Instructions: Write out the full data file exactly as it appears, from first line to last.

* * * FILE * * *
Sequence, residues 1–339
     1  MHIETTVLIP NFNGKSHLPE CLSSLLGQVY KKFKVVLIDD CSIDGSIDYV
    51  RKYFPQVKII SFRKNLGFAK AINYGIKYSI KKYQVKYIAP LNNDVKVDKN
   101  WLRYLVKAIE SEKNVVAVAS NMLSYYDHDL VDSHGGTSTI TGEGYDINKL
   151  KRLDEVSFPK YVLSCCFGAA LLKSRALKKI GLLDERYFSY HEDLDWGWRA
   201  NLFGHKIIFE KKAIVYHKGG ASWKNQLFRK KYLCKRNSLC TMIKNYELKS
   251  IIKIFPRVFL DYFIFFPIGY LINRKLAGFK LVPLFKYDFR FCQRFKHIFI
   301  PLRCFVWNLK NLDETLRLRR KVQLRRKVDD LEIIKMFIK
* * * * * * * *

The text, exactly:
Sequence, residues 1–339
     1  MHIETTVLIP NFNGKSHLPE CLSSLLGQVY KKFKVVLIDD CSIDGSIDYV
    51  RKYFPQVKII SFRKNLGFAK AINYGIKYSI KKYQVKYIAP LNNDVKVDKN
   101  WLRYLVKAIE SEKNVVAVAS NMLSYYDHDL VDSHGGTSTI TGEGYDINKL
   151  KRLDEVSFPK YVLSCCFGAA LLKSRALKKI GLLDERYFSY HEDLDWGWRA
   201  NLFGHKIIFE KKAIVYHKGG ASWKNQLFRK KYLCKRNSLC TMIKNYELKS
   251  IIKIFPRVFL DYFIFFPIGY LINRKLAGFK LVPLFKYDFR FCQRFKHIFI
   301  PLRCFVWNLK NLDETLRLRR KVQLRRKVDD LEIIKMFIK